There’s a contemporary photographer whom I first stumbled upon well over a year ago; her name is Catherine Chalmers and she’s taken the most extraordinary pictures of creatures that most humans consider, shall I say, hard to love: flies and ants and cockroaches, and, yes, small rodents. At the time I read on-line the glowing reviews, the critical acclamations, the list of awards her photographs have garnered; I wanted to learn more about her work and immediately went to her website. While I was perusing her site I spotted a word that I couldn’t bring myself to click on: “Pinkies,” or newborn mice according to the newspaper articles—“Pinkies” was a sub-page to a series of photographs that she had called “Food Chain.” And I realized in an instant, from a mouse’s perspective, the pictures couldn’t have a happy ending; I had already seen the one she had taken of a praying mantis eating a caterpillar.
Today I finally get up the nerve to click on “Pinkies.” I had begun to feel like I had been ignoring Chalmers for making me feel uncomfortable before I even knew why. The first shot I see is of a pretty dark brown and white mouse, a “fancy mouse,” who has just given birth to a small mischief of mice. Well, okay. The next photograph shows the nursing mother staring in earnest into the camera as if to say, “Leave my babies alone.” And the photograph after that is of the litter, toppling over one another, huddling together; their warm pink skin make them appear not unlike a microscopic pile of newborn puppies, blind and helpless. I let out a breath that I didn’t know I was holding, and click on the right arrow again, and find the pictures I had been dreading, the ones that the menu’s title had alerted me to. In four or five consecutive stills, a snake constricts and swallows a baby mouse, and a frog gulps down his brother. Yet in spite of the horror the images suggest I can’t help think the artistry has gotten in the way. The vivid close-ups, shot against a pure white background, seem to say more Vogue than National Geographic, and make the predator and prey narrative surprisingly less convincing. But then I remember behind each picture a human hand has chosen a live baby mouse to be sacrificed, and I quickly close the site.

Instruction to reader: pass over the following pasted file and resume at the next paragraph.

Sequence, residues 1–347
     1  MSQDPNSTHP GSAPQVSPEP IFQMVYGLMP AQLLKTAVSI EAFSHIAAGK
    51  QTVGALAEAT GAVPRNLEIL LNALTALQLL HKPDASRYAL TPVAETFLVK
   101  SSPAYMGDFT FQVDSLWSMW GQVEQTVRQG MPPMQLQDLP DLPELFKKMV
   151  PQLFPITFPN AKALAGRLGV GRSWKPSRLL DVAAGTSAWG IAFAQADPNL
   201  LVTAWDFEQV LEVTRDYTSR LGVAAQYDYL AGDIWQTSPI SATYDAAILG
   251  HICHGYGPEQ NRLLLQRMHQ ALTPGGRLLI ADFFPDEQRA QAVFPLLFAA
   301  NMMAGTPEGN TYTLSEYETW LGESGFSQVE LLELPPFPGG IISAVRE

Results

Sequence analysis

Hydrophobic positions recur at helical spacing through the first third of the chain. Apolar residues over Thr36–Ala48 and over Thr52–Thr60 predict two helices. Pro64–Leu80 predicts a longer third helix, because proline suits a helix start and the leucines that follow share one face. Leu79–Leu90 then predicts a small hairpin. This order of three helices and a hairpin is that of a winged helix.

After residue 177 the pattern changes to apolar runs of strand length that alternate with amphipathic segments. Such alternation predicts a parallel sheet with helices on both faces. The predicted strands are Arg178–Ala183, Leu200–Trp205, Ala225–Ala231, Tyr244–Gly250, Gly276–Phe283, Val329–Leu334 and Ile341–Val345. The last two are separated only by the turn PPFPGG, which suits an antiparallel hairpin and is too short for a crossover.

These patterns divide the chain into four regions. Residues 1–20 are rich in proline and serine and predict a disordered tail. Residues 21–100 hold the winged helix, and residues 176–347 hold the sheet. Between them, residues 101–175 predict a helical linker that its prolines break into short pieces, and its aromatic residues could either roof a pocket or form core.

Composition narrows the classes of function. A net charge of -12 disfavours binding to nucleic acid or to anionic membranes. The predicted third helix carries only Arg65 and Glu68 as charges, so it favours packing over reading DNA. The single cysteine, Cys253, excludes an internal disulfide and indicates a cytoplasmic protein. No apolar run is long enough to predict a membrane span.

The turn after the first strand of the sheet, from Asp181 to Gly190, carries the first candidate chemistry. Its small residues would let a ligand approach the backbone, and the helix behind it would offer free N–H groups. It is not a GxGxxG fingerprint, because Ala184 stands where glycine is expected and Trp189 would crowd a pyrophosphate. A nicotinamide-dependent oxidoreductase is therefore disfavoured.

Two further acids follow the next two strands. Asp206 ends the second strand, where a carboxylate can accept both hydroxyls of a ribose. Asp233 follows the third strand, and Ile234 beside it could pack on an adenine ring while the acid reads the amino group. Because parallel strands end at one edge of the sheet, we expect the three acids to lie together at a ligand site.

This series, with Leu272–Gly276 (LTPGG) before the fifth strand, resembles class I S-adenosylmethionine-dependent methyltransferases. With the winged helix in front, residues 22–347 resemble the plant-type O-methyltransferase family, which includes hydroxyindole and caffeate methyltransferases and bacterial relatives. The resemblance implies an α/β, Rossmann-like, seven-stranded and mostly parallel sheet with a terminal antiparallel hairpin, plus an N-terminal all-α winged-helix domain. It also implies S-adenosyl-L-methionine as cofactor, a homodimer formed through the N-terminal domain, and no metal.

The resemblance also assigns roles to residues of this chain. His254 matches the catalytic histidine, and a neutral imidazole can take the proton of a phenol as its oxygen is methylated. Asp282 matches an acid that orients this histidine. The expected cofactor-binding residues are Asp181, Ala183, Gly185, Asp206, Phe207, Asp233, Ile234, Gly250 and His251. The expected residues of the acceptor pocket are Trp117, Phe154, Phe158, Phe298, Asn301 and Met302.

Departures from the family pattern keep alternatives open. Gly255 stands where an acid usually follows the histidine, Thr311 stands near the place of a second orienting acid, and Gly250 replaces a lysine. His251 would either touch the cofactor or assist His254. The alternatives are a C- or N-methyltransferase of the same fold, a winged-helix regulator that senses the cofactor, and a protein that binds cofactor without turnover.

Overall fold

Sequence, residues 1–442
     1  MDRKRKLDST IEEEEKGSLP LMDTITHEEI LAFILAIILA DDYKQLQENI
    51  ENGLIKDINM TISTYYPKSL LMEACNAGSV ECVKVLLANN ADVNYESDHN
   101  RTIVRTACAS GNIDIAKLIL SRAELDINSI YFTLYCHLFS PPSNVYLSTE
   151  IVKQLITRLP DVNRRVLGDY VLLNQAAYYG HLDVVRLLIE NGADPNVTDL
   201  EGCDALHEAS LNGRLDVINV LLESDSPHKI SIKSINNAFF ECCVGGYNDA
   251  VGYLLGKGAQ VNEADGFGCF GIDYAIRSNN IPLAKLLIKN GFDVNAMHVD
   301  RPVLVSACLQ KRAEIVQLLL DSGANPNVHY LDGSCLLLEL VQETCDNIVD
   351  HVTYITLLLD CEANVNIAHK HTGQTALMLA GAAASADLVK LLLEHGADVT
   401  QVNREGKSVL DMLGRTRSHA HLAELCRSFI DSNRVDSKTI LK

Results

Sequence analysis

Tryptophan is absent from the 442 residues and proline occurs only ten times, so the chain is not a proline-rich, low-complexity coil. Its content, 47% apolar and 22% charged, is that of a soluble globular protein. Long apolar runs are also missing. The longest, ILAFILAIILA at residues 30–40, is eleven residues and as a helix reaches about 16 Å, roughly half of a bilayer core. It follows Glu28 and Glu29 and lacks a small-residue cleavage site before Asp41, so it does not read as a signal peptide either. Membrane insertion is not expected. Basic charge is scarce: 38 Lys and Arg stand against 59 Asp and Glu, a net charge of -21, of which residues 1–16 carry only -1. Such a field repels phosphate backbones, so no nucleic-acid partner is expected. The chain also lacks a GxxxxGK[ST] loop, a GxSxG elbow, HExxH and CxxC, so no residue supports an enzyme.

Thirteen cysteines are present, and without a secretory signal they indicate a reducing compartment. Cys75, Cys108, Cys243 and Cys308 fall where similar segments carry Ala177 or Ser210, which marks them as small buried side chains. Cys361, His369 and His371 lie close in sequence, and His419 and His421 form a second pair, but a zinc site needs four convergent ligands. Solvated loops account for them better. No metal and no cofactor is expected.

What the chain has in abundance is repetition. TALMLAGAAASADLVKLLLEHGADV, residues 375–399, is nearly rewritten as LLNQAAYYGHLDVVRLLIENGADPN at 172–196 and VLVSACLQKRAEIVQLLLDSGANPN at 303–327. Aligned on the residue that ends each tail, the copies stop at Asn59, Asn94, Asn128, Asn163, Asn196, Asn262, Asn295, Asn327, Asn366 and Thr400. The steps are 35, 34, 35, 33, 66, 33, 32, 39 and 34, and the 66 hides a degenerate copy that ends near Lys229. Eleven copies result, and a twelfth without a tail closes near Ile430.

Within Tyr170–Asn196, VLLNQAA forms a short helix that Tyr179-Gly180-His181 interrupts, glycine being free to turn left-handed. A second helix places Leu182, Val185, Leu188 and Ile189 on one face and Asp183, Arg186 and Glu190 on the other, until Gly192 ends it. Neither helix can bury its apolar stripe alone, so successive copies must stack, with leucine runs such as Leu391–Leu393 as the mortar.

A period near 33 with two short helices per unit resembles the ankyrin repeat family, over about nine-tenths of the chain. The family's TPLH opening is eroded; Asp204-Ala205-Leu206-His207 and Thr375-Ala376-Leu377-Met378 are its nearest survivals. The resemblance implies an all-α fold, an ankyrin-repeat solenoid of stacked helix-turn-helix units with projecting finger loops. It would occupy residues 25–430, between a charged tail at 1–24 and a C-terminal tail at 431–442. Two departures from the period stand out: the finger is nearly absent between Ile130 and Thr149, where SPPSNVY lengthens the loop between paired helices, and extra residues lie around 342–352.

Chalmers was in essence giving her pet snake and her frog lunch; she calls the mice “nature’s Cheerios,” a nod to the rodents’ lowly place in the food chain. She readily admits it was hard for her to witness a “living thing being eaten,” but adds, true terror lies in a world without predators. Thoughts no doubt of a population of fancy mice running amok. But wisely she points out, “What animal you want to live and die is entirely subjective, from person to person and day to day.” I think it’s clear for whom I am rooting.
 Interview with Catherine Chalmers by Michael L. Sand, Food Chain, Aperture 2000.
 Libby Brooks, “A matter of life and death,” The Guardian, May 26, 2000.
Other sources: Will Cohu, “A bug’s life: The photographer Catherine Chalmers breeds insects and animals, then watches as they feed on one another,” The Independent, February 28, 1999; Alice Thorson, “Artist explores human/nature relationship through roach `executions’,” Knight Ridder Newspapers, September 29, 2003.
(Image Frog and a Baby Mouse by Catherine Chalmers, C-print, 40″ x 60″, reproduced for non-commercial use only.)